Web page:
Five Minutes To Midnight
The Grid was originally created as an augmented reality project. With an eyepiece, users could see an overlay of adverts, directions, and so on over the world they lived in.
It was a success. Enormously so, in fact. Soon, business was being conducted entirely on-Grid. People started accessing it remotely through a neural connection, rather than having to actually be there. And then people started making cubbyholes: areas of the Grid that didn’t correspond to any physical location, just for people entering remotely.
The Grid overlays the city anywhere that a broadcasting node can provide a signal, and although its main highways correspond to real-world throughfares, off the beaten track the local geometry is pretty much down to whoever owns the local node.
The Grid is used primarily for communication and socialisation. Secure information doesn’t go there, and nor does the ability to actually affect the world in any way. The only reason you’d ever want to hack into anything in cyberspace is to find out who’s saying something and track them down in real life. Which is a more common motivation than you’d expect: virtual real estate isn’t expensive and there’s plenty of room for dangerous or subversive ideas to be broadcast in there.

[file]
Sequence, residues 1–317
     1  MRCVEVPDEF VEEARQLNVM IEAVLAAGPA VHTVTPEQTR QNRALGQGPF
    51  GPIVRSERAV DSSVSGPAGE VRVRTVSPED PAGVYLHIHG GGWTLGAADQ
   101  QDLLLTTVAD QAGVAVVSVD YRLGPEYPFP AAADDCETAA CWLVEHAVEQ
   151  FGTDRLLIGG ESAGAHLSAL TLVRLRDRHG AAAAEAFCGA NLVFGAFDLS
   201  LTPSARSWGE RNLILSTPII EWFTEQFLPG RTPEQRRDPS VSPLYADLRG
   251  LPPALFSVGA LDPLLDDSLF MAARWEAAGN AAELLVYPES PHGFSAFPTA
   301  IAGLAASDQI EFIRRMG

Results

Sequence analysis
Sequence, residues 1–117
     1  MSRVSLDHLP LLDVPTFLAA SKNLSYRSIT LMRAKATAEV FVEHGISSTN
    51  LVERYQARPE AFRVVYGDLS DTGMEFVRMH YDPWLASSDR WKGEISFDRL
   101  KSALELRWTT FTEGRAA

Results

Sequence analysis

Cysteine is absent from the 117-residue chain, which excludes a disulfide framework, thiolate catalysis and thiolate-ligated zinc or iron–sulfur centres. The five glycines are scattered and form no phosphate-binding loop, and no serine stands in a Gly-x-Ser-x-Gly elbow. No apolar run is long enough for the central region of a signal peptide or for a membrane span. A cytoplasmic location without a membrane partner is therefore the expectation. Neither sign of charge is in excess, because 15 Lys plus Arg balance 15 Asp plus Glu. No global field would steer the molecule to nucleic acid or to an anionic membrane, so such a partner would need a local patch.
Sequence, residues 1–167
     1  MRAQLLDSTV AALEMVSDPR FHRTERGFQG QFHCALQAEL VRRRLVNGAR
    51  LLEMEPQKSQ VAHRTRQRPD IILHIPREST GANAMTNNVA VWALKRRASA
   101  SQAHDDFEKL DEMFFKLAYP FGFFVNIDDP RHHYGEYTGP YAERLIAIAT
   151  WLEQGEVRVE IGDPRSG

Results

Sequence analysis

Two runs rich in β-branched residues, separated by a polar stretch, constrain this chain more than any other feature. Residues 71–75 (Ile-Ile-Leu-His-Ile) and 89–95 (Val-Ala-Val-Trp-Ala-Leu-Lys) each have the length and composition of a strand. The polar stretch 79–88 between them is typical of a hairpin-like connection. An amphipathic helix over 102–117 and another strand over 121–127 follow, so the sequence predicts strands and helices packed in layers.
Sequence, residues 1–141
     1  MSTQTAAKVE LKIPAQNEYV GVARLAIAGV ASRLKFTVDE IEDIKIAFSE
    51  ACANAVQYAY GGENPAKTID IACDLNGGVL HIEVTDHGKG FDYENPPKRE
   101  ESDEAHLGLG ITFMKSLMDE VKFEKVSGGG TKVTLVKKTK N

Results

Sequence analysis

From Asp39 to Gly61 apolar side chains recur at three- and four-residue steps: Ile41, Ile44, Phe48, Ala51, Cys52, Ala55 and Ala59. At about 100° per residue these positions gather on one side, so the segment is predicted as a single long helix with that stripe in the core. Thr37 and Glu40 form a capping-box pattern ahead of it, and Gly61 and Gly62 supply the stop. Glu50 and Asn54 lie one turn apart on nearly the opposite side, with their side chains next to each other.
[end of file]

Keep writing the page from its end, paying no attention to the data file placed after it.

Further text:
The system is policed, but only superficially: there’s a lot of money to be creamed off the top of anything illegal, so the corps don’t like to discourage it too hard.
The Grid isn’t perfectly safe, but it’s pretty good. The rig you’re using has a direct connection to your brain, of course, so if you’re physically there it’s quite possible to booby-trap a rig to kill the people who use it. Or you could just plant a bomb in it and blow them up that way.
A more subtle approach is the stinger: media that contains harmful sensory stimulus, which the rig will then relay to the user: the impossibility of comprehending what they see causes long-term psychosis, similar to the aftereffects of abusing hallucinogenics. There have been constant attempts to develop a stinger that will do more than just give someone brain damage, but nobody’s ever succeeded, and consensus is that it’s not possible.
There is a constant arms race between those developing rigs that will shut down protectively when exposed to stingers and those developing stingers that will get around it, but the broadcast of stingers is one area the corps really do crack down on securing: they want the general public to enjoy their barrage of online advertising in comfort and safety.